Q: There seems to be some serious confusion around this whole "wee-wee" thing. Is it a penis, a vagina, the act of urinating, or urine itself?
-ZM, San Francisco
A: Good question ZM. Webster's Unabridged Dictionary defines wee-wee as:
1. The liquid that comes out one's pee-hole.
2. To expel liquid from one's pee-hole.
3. Slang term for a penis. And to weirdoes, a vagina.
The simple answer would be "all of the aforementioned interpretations". But you deserve more, dear reader. We must ask, where does "wee-wee" come from? We must know its origins in order to use "wee-wee" comfortably and confidently. Unfortunately, historians cannot agree on how "wee-wee" came about. The most widely-recognized story comes from 16th-century England.
There was a farmer in what is modern day Lancashire who tended to pigs in the hot summer months. As you are aware, pigs are filthy, disgusting creatures. They are, however, tasty as all get-out. So in order to keep them edible, the farmer cleaned up after dozens of these dirty animals every day. He scrubbed the slop off their skin, shoveled the endless piles of pig-plop, and washed away the expansive pools of urine inside the sty. There was so much urine in fact, the farmer couldn't walk without stepping in smelly yellow liquid. His frustration built to the point where he bordered on dementia. To mock the animals he both loathed and depended on, the farmer began squealing just like them in hopes they would feel ashamed of what they did. He made "weee" noises every time a pig made a mess, even when it wasn't urine. But because urine was the most common filth, his family, and eventually other hog farmers, started referring to the urine as "wee-wee". Over centuries, the squealing was slowly dropped and the word was softened to the form we know and love today. It is now adored by two-thirds of the world's population and shows up in 83 different languages.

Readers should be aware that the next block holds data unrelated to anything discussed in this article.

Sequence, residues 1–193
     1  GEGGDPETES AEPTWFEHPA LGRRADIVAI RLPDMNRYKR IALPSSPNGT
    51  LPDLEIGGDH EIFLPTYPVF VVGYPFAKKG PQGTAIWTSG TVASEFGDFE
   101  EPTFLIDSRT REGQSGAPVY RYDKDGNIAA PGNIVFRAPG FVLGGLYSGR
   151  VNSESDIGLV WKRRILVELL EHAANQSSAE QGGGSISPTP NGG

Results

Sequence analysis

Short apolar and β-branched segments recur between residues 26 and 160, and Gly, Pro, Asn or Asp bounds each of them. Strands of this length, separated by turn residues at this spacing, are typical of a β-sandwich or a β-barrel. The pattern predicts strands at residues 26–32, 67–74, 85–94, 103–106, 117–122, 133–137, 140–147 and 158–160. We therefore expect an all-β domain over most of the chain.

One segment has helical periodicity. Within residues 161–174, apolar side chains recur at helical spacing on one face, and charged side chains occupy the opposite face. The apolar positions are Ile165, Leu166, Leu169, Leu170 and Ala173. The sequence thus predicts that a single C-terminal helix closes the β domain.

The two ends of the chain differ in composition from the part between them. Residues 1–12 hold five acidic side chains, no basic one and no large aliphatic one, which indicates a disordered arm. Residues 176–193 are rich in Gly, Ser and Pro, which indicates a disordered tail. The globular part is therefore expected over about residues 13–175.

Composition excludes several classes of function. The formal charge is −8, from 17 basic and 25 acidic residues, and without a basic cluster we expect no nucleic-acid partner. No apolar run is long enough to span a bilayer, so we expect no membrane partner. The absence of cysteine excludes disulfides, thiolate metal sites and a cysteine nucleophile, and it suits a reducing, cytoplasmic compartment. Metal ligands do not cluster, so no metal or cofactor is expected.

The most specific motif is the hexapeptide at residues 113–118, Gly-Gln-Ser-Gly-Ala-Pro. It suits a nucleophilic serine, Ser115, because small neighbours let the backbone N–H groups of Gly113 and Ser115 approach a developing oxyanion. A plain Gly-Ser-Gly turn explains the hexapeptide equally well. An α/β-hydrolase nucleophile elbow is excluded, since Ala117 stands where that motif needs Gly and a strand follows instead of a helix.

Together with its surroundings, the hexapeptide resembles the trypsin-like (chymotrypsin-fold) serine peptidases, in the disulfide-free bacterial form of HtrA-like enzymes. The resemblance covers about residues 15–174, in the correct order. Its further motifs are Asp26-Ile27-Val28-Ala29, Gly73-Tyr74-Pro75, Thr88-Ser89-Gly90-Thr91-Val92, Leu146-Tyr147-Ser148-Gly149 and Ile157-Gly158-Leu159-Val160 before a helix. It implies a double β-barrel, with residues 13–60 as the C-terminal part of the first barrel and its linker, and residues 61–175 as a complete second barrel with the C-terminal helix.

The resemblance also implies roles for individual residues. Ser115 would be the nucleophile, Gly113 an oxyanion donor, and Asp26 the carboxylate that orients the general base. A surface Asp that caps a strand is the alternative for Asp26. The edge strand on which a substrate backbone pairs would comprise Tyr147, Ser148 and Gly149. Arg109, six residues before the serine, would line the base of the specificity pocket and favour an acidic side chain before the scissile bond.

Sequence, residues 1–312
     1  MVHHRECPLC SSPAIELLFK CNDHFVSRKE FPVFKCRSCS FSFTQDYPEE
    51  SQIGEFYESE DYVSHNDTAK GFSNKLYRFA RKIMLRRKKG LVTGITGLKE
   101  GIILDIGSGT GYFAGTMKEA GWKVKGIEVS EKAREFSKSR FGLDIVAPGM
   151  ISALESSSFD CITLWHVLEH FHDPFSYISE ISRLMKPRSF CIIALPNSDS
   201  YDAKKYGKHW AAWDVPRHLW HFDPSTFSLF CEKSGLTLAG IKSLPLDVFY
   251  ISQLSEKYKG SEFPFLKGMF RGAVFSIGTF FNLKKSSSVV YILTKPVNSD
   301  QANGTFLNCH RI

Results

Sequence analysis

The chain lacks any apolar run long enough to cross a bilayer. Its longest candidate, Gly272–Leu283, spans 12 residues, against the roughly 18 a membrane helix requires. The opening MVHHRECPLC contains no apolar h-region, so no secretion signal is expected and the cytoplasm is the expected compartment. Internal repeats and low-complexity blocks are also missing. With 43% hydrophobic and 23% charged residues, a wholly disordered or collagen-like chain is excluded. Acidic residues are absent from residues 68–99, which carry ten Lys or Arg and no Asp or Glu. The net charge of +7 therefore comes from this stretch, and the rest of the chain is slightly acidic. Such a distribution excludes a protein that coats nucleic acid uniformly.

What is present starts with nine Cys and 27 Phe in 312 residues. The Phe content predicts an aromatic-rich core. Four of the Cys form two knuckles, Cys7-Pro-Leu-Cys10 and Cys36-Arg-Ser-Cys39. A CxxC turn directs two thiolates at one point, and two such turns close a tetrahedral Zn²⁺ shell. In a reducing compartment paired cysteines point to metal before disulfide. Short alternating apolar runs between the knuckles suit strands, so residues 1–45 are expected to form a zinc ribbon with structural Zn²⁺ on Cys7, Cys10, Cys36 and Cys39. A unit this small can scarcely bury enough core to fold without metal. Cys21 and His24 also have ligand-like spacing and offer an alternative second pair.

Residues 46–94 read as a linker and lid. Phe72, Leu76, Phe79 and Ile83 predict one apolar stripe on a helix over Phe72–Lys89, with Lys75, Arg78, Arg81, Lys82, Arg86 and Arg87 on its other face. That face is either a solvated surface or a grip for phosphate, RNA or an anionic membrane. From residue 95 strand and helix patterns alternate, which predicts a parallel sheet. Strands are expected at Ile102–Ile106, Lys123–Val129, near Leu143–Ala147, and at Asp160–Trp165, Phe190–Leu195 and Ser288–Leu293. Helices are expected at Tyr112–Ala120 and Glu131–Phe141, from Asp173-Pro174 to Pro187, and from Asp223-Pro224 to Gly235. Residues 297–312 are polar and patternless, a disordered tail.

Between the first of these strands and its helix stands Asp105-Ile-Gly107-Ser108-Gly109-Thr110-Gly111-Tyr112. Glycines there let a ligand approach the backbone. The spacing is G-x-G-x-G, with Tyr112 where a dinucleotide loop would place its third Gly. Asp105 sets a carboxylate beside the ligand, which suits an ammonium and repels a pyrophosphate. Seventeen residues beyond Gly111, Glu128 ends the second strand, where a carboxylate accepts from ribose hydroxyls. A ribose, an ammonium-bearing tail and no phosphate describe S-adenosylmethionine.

I hope that answers your question ZM. If you want more information on the origins of "wee-wee", check out Francois LeBeaux's urination celebration Wee-wee? Oui, oui! The book doesn't get everything right, but does give an interesting French perspective.
Keep writing in, readers. Your Q's demand my A's.